Monticello restaurant can pay earnings to state after violating COVID order – Carry Me The Information

A Monticello restaurant has agreed to give all its profits to the state as part of a settlement with the Minnesota Attorney General’s Office after it reopened in defiance of Gov. Tim Walz’s COVID-related executive orders. 

Attorney General Keith Ellison announced Tuesday that a settlement was reached with Cornerstone Cafe, which resolves the lawsuit the state filed against it in December for reopening for in-person service. 

“I thank this establishment for agreeing to meet its responsibility to help all Minnesotans stop the spread of COVID-19 and congratulate it on rejoining the vast majority of Minnesota bars and restaurants that are already doing so,” Ellison said in a statement.

As part of the settlement, the restaurant has agreed to give up all the profits it made while operating in violation of the orders, which amounts to $10,000. (The money will go to the state’s General Fund.)

Cornerstone also agreed to fully comply with all current and future executive orders that pertain to bars and restaurants. 

If the Cornerstone violates any terms of the settlement, it could face a penalty of $25,000.

Ellison’s office filed a lawsuit against Cornerstone Cafe on Dec. 18, 2020, and filed for a temporary restraining order on Dec. 21, 2020, which the court granted the next day. 

“It brings me no joy to bring enforcement actions because our top priority has always been education and voluntarily compliance and enforcement has always been a last resort,” Ellison said. “Today’s settlement can be a sign to the very small handful of establishments that are violating the executive orders that compliance is still available to them.”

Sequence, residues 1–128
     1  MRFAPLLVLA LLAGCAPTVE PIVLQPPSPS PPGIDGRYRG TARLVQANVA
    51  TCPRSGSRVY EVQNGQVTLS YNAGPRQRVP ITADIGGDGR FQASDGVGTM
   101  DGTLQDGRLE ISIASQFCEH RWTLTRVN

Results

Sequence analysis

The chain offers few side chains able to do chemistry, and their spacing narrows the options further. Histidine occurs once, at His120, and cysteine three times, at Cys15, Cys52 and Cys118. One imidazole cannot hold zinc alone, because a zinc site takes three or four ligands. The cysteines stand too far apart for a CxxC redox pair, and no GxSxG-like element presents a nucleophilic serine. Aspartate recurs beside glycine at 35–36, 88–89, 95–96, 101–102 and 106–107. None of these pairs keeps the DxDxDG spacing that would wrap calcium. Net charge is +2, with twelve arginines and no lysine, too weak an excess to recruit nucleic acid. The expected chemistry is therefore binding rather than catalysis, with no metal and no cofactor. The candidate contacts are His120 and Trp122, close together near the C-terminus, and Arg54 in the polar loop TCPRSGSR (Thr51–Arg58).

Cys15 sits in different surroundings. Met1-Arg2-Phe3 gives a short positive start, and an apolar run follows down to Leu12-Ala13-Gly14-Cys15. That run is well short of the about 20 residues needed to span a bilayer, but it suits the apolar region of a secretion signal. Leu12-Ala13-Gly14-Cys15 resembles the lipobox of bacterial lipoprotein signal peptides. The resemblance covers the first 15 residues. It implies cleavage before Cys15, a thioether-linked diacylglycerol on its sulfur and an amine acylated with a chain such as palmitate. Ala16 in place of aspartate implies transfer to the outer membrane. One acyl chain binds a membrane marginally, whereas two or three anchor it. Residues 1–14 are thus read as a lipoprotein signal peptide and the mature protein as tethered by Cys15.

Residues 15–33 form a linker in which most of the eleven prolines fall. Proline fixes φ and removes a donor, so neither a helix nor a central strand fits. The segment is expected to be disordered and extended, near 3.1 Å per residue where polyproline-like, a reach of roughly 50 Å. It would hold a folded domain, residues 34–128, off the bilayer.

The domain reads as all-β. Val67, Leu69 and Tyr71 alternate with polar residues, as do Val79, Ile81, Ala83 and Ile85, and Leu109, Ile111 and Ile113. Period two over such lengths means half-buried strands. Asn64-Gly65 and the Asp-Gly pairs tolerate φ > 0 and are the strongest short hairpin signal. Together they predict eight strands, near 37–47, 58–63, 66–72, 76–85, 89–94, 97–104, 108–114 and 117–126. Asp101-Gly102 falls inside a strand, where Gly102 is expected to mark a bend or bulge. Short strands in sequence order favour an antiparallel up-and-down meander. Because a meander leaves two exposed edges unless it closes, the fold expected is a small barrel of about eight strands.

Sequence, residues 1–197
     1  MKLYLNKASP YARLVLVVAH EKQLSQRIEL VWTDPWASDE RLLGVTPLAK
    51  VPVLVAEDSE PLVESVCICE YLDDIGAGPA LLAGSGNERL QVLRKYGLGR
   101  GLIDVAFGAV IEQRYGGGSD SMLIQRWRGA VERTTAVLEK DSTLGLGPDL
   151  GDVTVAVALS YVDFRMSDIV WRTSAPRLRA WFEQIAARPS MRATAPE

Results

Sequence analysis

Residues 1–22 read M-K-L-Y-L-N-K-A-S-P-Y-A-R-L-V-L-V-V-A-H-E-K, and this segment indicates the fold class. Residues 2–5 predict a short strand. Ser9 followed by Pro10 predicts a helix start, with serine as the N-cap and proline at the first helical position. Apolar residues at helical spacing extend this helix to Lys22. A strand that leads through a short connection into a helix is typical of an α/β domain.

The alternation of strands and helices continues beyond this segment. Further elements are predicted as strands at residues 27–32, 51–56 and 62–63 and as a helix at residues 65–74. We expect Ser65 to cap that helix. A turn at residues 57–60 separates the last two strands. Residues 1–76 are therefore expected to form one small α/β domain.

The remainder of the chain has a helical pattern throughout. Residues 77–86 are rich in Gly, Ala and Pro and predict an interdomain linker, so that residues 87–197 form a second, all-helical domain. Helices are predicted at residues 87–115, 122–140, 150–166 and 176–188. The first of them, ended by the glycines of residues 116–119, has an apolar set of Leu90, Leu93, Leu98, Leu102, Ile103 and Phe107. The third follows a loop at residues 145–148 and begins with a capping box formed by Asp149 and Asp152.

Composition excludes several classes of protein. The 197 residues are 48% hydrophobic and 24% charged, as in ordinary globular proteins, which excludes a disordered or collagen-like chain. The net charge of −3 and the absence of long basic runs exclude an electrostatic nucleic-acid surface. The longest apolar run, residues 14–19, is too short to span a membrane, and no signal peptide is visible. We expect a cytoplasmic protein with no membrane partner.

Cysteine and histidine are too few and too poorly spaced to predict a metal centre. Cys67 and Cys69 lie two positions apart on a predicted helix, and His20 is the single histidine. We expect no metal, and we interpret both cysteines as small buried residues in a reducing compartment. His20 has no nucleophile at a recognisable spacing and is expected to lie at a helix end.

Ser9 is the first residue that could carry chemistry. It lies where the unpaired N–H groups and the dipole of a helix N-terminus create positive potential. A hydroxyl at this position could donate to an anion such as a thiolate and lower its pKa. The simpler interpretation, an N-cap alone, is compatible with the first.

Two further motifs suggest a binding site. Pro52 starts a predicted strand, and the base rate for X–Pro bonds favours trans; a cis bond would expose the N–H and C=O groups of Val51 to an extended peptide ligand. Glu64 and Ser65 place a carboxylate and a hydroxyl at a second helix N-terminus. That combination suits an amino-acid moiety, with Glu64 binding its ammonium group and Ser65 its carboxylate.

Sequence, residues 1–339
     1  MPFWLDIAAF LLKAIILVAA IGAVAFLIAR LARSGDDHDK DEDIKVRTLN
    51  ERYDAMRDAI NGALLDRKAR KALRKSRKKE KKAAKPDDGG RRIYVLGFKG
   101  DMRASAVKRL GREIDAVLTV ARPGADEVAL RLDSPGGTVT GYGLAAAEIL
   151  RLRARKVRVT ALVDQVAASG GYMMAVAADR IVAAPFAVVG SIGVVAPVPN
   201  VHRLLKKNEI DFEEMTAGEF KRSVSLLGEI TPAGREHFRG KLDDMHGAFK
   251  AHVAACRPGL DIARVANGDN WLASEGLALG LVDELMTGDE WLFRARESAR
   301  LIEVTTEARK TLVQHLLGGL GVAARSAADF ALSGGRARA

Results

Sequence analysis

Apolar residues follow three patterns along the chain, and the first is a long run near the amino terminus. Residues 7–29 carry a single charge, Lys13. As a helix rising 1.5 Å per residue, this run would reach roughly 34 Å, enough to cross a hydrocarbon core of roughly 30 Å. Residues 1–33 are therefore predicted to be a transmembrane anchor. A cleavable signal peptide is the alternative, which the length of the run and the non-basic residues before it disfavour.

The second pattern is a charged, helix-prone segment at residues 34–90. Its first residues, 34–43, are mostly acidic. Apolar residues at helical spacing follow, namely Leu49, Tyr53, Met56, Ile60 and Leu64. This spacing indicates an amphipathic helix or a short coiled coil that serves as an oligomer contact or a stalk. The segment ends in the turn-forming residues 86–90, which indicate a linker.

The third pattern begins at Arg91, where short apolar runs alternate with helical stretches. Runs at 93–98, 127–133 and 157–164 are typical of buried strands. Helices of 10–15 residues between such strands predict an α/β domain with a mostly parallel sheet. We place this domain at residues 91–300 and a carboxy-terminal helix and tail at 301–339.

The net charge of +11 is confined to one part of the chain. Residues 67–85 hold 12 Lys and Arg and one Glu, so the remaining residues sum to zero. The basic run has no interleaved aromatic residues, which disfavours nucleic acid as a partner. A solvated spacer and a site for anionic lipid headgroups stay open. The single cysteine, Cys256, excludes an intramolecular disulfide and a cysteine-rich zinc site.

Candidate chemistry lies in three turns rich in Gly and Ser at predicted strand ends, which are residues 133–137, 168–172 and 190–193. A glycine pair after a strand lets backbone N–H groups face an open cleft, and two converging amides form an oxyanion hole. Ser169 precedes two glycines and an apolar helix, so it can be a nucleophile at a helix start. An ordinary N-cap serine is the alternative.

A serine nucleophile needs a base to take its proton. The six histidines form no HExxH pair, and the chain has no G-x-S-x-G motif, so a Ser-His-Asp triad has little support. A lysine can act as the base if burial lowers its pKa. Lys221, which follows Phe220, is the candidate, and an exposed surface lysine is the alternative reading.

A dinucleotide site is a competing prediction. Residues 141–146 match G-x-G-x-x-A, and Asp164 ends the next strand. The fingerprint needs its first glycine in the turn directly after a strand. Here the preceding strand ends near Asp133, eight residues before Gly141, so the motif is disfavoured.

Ellison’s office previously said state officials have worked with more than 900 establishments and events to comply with the state’s orders. 

The majority did comply, but Ellison said he filed lawsuits against 13 business owners in 2020 who wouldn’t comply. Meanwhile, the Minnesota Department of Health (MDH) has taken enforcement action against several other establishments and the Minnesota Department of Public Safety has suspended the liquor licenses of some restaurants that did not comply. 

In total, state officials have taken enforcement action against more than 20 businesses that violated Walz’s executive orders, most of them restaurants or bars. Here’s a list.  

The order banning indoor dining at bars and restaurants ended over the weekend, allowing establishments to reopen on Monday for in-person service, with restrictions.

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